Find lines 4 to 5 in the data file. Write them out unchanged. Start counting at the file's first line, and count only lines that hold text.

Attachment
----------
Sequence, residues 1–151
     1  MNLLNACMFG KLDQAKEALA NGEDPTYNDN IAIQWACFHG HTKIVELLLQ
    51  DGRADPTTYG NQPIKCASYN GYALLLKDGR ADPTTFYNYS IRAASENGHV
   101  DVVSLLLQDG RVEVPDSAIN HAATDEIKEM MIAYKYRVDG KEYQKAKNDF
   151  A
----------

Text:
   101  DVVSLLLQDG RVEVPDSAIN HAATDEIKEM MIAYKYRVDG KEYQKAKNDF
   151  A